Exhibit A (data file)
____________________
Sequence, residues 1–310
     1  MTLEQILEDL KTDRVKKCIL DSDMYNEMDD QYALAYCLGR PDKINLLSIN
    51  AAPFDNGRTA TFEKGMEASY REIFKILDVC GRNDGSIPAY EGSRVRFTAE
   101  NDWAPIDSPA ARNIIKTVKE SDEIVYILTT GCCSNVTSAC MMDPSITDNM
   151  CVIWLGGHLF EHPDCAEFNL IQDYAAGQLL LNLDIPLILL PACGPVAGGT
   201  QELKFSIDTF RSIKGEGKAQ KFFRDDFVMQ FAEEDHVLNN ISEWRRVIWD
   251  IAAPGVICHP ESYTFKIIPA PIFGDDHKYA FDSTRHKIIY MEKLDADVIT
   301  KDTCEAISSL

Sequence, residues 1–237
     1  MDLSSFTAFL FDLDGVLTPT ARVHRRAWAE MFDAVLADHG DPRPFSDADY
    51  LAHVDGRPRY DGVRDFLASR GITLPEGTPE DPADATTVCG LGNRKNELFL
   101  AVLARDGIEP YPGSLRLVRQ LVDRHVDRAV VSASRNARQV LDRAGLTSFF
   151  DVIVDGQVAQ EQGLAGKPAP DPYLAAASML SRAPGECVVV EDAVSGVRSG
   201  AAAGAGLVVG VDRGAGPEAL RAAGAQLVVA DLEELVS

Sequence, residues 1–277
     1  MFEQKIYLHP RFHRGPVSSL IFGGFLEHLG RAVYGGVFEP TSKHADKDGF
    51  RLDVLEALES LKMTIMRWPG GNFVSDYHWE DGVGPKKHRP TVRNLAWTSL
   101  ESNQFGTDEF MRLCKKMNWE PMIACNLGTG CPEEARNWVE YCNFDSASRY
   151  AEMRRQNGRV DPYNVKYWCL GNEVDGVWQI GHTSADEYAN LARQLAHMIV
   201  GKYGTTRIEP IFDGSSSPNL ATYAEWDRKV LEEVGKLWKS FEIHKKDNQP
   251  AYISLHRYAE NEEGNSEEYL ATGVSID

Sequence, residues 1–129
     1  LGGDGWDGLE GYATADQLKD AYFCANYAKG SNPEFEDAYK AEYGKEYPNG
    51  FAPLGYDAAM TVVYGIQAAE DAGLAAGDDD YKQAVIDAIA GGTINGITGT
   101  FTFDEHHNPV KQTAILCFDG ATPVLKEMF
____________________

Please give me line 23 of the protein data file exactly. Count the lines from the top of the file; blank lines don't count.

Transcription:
     1  LGGDGWDGLE GYATADQLKD AYFCANYAKG SNPEFEDAYK AEYGKEYPNG